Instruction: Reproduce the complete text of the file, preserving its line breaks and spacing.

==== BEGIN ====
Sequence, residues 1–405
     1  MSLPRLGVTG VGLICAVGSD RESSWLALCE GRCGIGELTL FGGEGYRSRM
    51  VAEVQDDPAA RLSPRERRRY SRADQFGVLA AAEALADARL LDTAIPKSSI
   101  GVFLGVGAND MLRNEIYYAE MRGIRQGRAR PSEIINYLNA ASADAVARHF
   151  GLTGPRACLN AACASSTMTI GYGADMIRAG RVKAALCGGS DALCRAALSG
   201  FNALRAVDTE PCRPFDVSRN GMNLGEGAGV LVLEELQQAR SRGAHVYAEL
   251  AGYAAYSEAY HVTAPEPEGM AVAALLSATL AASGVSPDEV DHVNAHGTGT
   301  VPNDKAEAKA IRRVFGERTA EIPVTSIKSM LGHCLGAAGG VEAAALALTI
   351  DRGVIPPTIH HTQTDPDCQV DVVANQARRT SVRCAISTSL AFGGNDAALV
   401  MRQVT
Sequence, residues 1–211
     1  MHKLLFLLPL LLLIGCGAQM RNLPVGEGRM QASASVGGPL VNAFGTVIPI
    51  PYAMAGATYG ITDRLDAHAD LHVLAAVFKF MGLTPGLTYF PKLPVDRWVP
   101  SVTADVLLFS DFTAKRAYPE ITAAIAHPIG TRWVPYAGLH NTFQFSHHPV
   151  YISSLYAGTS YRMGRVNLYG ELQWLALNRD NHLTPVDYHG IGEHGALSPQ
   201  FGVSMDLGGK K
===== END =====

Sequence, residues 1–405
     1  MSLPRLGVTG VGLICAVGSD RESSWLALCE GRCGIGELTL FGGEGYRSRM
    51  VAEVQDDPAA RLSPRERRRY SRADQFGVLA AAEALADARL LDTAIPKSSI
   101  GVFLGVGAND MLRNEIYYAE MRGIRQGRAR PSEIINYLNA ASADAVARHF
   151  GLTGPRACLN AACASSTMTI GYGADMIRAG RVKAALCGGS DALCRAALSG
   201  FNALRAVDTE PCRPFDVSRN GMNLGEGAGV LVLEELQQAR SRGAHVYAEL
   251  AGYAAYSEAY HVTAPEPEGM AVAALLSATL AASGVSPDEV DHVNAHGTGT
   301  VPNDKAEAKA IRRVFGERTA EIPVTSIKSM LGHCLGAAGG VEAAALALTI
   351  DRGVIPPTIH HTQTDPDCQV DVVANQARRT SVRCAISTSL AFGGNDAALV
   401  MRQVT
Sequence, residues 1–211
     1  MHKLLFLLPL LLLIGCGAQM RNLPVGEGRM QASASVGGPL VNAFGTVIPI
    51  PYAMAGATYG ITDRLDAHAD LHVLAAVFKF MGLTPGLTYF PKLPVDRWVP
   101  SVTADVLLFS DFTAKRAYPE ITAAIAHPIG TRWVPYAGLH NTFQFSHHPV
   151  YISSLYAGTS YRMGRVNLYG ELQWLALNRD NHLTPVDYHG IGEHGALSPQ
   201  FGVSMDLGGK K